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Development of a Fuel Injection Strategy for Partially Premixed Compression Ignition Combustion
ISSN: 1946-3936, e-ISSN: 1946-3944
Published April 20, 2009 by SAE International in United States
Citation: de Ojeda, W., Zoldak, P., Espinosa, R., and Kumar, R., "Development of a Fuel Injection Strategy for Partially Premixed Compression Ignition Combustion," SAE Int. J. Engines 2(1):1473-1488, 2009, https://doi.org/10.4271/2009-01-1527.
A production version of a V-8 engine was redesigned to run on partially premixed charge compression ignition (PCCI) combustion mode with conventional diesel fuel. The objective of the PCCI combustion experiments was to obtain low engine-out nitrogen oxide (NOx) and after-treatment tolerant soot emission level. Two fuel injection strategies were used during the PCCI combustion experiments: a) pilot-with-main injection strategy (Pil-M), b) pilot-with-main-and-post (PMP) injection strategy.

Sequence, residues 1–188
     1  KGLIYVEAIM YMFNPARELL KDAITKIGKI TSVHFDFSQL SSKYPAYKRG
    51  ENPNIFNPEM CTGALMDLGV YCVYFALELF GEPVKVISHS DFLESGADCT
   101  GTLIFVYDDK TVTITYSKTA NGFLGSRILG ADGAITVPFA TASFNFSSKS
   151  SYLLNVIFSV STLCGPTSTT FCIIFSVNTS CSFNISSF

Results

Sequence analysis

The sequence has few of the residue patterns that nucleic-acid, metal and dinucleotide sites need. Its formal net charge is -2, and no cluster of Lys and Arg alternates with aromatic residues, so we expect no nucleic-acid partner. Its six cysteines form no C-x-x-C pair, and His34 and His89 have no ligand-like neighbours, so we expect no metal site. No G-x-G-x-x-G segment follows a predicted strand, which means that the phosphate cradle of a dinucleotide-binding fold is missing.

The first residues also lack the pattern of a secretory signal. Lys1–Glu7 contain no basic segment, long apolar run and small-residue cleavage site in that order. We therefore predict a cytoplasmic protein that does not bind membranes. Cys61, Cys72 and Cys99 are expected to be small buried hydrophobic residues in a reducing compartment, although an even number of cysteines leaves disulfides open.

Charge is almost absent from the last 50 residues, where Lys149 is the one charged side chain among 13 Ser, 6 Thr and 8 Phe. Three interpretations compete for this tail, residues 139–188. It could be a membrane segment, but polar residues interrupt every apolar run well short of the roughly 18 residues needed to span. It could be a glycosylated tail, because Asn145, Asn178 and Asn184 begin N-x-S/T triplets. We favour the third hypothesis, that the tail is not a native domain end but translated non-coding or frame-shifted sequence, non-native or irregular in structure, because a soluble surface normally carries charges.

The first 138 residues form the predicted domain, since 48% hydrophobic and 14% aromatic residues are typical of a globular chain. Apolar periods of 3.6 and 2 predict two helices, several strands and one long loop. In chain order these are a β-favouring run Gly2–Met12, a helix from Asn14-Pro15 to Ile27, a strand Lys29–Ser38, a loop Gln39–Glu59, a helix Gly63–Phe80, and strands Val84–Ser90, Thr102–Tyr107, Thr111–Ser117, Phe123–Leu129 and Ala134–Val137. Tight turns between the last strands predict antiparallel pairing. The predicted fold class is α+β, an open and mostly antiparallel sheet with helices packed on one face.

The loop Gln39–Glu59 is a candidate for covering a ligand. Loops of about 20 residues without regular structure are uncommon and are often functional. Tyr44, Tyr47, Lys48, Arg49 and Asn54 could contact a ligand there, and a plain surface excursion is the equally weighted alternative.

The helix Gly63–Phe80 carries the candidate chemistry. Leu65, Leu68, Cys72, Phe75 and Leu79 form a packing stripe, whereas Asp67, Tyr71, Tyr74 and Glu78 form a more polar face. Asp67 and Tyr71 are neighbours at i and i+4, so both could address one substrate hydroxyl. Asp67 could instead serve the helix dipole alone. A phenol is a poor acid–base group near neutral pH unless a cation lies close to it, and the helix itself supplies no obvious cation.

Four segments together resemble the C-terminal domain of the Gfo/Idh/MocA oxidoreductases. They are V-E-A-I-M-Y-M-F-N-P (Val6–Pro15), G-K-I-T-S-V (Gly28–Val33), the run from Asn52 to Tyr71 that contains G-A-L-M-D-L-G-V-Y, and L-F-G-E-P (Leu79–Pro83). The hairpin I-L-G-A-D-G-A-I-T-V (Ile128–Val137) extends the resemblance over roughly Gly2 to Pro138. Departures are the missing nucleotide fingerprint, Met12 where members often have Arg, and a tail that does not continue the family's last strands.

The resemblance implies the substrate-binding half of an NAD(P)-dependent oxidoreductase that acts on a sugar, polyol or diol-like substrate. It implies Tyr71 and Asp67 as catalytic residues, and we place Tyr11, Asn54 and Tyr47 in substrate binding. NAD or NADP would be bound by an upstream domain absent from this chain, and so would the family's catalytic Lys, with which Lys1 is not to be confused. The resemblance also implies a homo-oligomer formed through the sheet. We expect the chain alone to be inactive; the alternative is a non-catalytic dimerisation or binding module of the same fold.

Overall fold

In the Pil-M injection strategy, a significant fraction of the fuel was delivered early during the compression stroke. The early pilot helped to prepare a lean-mixture of enhanced homogeneity before the combustion was initiated. The combustion of this pilot injection followed by the main combustion helped to reduce soot for a constant NOx value. The pilot-injection timing and quantity had to be selected appropriately to retain the fuel-efficiency. Such an injection strategy was successful up to an engine load-level of 10bar BMEP. At higher load levels, it was found that the Pil-M injection strategy was insufficient for a soot reduction. Therefore, the soot reduction was enhanced by using a small quantity of post injection to promote the late-cycle oxidation of soot. The PMP injection strategy helped to expand the load-limits of clean combustion to a load of 16.5 bar BMEP; however this injection strategy had a higher fuel-efficiency penalty as compared to the Pil-M injection strategy.